Nathaniel Hawthorne quote about future from The Scarlet Letter - She could no longer borrow from the future to help her through the present grief.
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She could no longer borrow from the future to help her through the present grief.
 Nathaniel Hawthorne, The Scarlet Letter (1850). copy citation

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Author Nathaniel Hawthorne
Source The Scarlet Letter
Topic future grief help
Date 1850
Language English
Reference
Note
Weblink http://www.gutenberg.org/files/25344/25344-h/25344-h.htm

Context

“The very law that condemned her—a giant of stern features, but with vigor to support, as well as to annihilate, in his iron arm[91]—had held her up, through the terrible ordeal of her ignominy. But now, with this unattended walk from her prison-door, began the daily custom; and she must either sustain and carry it forward by the ordinary resources of her nature, or sink beneath it. She could no longer borrow from the future to help her through the present grief. To-morrow would bring its own trial with it; so would the next day, and so would the next; each its own trial, and yet the very same that was now so unutterably grievous to be borne. The days of the far-off future would toil onward, still with the same burden for her to take up, and bear along with her, but never to fling down; for the accumulating days, and added years, would pile up their misery upon the heap of shame.” source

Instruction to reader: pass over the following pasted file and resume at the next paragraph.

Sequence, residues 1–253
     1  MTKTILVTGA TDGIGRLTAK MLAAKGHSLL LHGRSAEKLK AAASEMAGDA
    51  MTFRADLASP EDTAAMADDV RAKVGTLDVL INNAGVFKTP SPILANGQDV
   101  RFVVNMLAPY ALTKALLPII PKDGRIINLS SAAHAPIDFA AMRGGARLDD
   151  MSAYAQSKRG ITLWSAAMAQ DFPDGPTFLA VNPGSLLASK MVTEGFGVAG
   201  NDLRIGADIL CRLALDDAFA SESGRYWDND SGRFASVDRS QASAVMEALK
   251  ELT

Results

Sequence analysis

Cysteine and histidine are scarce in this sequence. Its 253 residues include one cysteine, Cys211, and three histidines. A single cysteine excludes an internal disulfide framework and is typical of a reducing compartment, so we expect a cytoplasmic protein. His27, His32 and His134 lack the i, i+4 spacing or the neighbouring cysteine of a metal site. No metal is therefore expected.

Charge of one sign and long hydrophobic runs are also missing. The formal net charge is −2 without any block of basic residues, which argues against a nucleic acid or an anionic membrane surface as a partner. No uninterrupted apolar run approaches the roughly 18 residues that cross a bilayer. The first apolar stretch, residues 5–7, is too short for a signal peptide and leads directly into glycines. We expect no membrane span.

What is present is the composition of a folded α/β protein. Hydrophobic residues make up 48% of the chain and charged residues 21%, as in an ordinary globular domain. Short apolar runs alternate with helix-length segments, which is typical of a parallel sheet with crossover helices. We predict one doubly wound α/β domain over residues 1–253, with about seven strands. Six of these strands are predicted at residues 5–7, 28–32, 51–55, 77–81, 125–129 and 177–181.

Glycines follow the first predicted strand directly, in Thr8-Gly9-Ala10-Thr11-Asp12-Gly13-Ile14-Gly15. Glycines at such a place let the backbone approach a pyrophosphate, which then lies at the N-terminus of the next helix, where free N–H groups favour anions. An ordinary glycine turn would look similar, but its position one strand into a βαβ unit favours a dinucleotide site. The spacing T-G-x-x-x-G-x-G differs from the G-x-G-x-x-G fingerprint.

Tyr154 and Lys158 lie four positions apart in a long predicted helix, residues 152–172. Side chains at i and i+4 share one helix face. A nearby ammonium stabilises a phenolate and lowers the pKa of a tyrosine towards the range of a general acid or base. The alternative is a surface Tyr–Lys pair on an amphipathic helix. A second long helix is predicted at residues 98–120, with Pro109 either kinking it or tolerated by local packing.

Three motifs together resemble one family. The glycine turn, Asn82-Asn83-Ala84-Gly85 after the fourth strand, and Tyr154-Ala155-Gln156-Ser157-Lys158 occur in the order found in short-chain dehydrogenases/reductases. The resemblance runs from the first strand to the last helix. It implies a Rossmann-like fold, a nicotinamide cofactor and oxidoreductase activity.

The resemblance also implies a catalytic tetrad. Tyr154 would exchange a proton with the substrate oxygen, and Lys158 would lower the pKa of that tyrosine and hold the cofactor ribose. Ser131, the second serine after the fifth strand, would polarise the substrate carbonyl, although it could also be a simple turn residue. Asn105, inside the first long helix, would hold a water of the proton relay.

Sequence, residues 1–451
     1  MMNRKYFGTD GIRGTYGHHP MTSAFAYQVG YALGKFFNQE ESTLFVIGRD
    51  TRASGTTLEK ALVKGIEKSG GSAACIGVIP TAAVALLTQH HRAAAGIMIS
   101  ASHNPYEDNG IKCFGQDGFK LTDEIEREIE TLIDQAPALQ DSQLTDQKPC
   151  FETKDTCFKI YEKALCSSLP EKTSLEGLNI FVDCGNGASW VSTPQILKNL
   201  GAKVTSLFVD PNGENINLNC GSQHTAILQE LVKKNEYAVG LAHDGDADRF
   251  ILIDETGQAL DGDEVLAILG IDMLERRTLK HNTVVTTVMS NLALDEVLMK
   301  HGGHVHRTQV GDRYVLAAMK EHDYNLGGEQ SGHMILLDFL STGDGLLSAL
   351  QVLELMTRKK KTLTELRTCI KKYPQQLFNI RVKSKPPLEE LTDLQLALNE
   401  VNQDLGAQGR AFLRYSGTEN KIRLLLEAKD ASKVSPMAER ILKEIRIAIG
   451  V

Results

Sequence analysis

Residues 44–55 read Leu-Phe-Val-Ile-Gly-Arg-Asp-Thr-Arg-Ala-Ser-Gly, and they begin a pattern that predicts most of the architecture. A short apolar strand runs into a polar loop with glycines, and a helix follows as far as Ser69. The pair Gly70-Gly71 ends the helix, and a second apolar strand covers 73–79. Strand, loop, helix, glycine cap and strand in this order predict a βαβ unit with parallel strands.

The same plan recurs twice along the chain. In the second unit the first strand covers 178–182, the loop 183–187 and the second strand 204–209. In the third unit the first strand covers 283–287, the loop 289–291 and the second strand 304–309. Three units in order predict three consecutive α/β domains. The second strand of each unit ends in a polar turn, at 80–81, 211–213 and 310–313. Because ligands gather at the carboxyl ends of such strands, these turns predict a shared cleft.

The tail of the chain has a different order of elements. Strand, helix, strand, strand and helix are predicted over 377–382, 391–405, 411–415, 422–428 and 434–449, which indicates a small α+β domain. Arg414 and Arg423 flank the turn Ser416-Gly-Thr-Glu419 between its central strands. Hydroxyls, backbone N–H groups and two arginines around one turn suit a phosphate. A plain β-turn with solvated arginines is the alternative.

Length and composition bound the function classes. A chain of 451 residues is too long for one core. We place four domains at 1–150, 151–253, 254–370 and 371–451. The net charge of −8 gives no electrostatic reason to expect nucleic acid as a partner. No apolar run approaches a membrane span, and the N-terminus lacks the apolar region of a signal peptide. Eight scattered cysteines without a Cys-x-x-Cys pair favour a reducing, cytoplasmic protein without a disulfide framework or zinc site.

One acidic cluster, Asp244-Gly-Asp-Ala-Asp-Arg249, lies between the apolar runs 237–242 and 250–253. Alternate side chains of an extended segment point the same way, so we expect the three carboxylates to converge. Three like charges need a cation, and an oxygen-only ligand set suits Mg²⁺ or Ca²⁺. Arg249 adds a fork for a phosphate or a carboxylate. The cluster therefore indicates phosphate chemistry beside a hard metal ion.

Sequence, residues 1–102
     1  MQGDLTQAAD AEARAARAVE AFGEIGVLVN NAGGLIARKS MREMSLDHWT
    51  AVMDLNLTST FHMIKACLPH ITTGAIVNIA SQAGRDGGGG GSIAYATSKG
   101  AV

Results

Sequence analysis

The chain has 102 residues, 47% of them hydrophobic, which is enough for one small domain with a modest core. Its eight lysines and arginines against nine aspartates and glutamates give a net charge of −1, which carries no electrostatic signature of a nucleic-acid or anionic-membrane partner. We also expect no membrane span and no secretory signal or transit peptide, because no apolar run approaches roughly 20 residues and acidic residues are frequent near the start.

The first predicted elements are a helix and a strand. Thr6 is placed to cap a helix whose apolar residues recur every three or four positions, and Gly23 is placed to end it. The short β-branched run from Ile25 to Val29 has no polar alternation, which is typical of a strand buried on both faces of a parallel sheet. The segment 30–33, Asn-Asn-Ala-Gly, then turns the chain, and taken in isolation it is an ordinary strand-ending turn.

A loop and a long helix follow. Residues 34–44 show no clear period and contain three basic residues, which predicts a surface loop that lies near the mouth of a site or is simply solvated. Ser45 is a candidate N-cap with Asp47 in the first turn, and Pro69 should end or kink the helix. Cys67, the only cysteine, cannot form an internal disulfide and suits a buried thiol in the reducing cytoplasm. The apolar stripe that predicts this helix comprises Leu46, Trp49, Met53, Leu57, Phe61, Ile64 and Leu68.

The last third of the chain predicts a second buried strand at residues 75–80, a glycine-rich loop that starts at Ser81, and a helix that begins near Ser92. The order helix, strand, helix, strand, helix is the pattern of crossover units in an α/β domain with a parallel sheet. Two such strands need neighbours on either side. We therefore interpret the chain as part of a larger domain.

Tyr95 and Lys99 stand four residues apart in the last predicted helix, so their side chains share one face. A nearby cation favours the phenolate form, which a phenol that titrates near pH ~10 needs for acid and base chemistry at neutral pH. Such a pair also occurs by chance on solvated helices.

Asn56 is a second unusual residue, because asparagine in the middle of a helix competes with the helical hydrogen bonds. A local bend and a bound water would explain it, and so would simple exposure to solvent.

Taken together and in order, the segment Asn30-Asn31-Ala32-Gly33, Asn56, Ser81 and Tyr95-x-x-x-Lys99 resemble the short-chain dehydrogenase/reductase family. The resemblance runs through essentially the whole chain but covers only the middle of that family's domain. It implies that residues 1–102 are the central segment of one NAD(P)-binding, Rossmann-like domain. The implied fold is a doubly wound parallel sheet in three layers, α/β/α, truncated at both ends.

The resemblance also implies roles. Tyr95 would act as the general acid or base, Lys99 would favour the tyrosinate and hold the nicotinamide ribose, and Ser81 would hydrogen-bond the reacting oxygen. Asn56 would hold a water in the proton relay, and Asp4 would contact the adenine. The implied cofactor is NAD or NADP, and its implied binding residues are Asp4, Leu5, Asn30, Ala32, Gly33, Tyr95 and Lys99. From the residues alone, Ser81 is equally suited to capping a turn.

Meaning and analysis

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